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Double Burden of obesity and malnutrition in Western Sahara refugees

Summary of published research1

There is growing recognition of a ‘double burden’ of malnutrition among populations in both affluent and less-affluent countries, i.e. the coexistence of undernutrition (e.g. stunting or underweight) with overweight, which has been observed at national and household levels. At present, little is known about whether undernutrition and overweight coexist among refugees in protracted settings, or about the proportion of refugee households that may be affected by this double burden. A recent study of refugees from Western Sahara aimed to use anthropometric data from a routine UNHCR nutrition survey to investigate the existence of the double burden of malnutrition in a refugee population highly dependent upon food assistance and living in a protracted emergency.

People from Western Sahara (also known as Sahrawi) have lived as refugees in camps near Tindouf city, in southwest Algeria, an area with a harsh desert environment. Their situation is considered a protracted emergency, as there is a stalemate to negotiations, with no sign of imminent resolution. Although accurate estimates are not available, the host country estimates that there are 165,000 people living in four camps (Awserd, Dakhla, Laayoune and Smara), mostly dependent on food assistance from international organisations.

A two-stage household cluster survey with four strata (one per camp) was conducted in October and November 2010 to collect nutrition indicators from children (<5y) and women of childbearing age (15–49y).The study sampled 2,005 households, collecting anthropometric measurements (weight, height and waist circumference) in 1,608 children (6–59 months) and 1,781 women (15–49y). The prevalence of global acute malnutrition (GAM), stunting, underweight, and overweight was estimated in children. Stunting, underweight, overweight and central obesity (waist circumference =than 80cm) prevalence was estimated in women. To assess the burden of malnutrition within households, households were first classified according to the presence of each type of malnutrition. Households were then classified as undernourished, overweight or affected by the double burden if they presented members with undernutrition, overweight or both, respectively.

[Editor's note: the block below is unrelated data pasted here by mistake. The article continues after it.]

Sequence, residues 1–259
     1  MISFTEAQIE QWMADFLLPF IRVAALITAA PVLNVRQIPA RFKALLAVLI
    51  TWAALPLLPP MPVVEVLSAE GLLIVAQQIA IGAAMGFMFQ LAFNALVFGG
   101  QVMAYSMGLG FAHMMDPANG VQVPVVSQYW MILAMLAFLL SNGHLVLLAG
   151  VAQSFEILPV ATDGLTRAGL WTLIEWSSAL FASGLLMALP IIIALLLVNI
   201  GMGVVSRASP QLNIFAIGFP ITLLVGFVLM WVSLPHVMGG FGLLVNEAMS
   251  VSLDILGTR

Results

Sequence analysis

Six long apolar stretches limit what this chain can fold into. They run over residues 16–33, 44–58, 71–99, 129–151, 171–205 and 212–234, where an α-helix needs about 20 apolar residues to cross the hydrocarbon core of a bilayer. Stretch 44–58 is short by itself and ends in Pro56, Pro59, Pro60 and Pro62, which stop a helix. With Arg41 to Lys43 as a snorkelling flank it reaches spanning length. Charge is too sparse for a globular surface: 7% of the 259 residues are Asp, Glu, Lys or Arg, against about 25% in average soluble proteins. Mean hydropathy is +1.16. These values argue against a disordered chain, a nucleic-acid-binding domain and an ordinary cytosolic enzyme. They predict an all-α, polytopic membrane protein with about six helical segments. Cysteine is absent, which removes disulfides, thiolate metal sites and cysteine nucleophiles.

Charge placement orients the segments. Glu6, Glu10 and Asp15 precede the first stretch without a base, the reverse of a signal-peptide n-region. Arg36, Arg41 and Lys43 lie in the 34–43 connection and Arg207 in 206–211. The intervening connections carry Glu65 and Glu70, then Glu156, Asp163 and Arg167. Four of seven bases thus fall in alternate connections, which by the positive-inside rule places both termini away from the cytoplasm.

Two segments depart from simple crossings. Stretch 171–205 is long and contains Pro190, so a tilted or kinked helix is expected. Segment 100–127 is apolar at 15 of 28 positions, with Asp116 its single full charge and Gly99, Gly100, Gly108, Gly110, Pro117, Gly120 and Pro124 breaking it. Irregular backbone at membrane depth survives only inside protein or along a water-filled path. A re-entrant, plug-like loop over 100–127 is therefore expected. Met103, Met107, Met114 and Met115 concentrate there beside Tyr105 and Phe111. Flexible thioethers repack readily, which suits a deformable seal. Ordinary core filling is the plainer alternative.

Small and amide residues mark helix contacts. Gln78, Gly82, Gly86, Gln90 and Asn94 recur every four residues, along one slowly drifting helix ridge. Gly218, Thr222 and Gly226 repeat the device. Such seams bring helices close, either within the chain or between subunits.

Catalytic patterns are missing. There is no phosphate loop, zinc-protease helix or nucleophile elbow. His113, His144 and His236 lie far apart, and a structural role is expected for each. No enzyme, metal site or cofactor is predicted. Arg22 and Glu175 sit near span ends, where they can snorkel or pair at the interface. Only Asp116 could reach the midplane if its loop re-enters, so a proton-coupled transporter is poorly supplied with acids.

The study found the prevalence of GAM in children was 9.1%, 29.1% of children were stunted, 18.6% were underweight, and 2.4% were overweight. Among the women, 14.8% were stunted, 53.7% were overweight or obese, and 71.4% had central obesity. Central obesity (47.2%) and overweight (38.8%) in women affected a higher proportion of households than did GAM (7.0%), stunting (19.5%), or underweight (13.3%) in children. Overall, households classified as overweight (31.5%) were most common, followed by undernourished (25.8%), and then double burden–affected (24.7%).

The authors of the study ask how a population that was previously nomadic, possibly experiencing chronic energy insufficiency, could have developed the observed high levels of overweight and obesity, while living in refugee camps in the absence of economic development. One factor suggested is that the Sahrawi were traditionally nomadic and culturally associate larger bodies with wealth and beauty. Thus fattening practices are common among Sahrawi, involving periods of ritual overfeeding and the use of appetite enhancers and traditional medication (suppositories composed of a mix of dates, seeds, and medicinal plants that are believed to increase peripheral fat accumulation). Urbanisation has possibly created synergy between these customs and the adoption of processed foods and modern medicines, thereby increasing the likelihood of obesity. Such a synergy might also affect those living as settled refugees, as they depend on food assistance and have limited access to local markets in Algeria. Another factor may be the excessive sugar consumption habit among the Sahrawi. One example is found in the frequent and widespread consumption of green tea (with an average reported consumption among refugees of three servings of 30 ml each, three times a day ), which is usually prepared adding about five teaspoons of sugar for each teaspoon of green tea leaves. Lastly, urbanised Sahrawi women with high Body Mass Index (BMI) values have been found to walk significantly less than those with normal BMI values, thereby reducing their energy expenditure.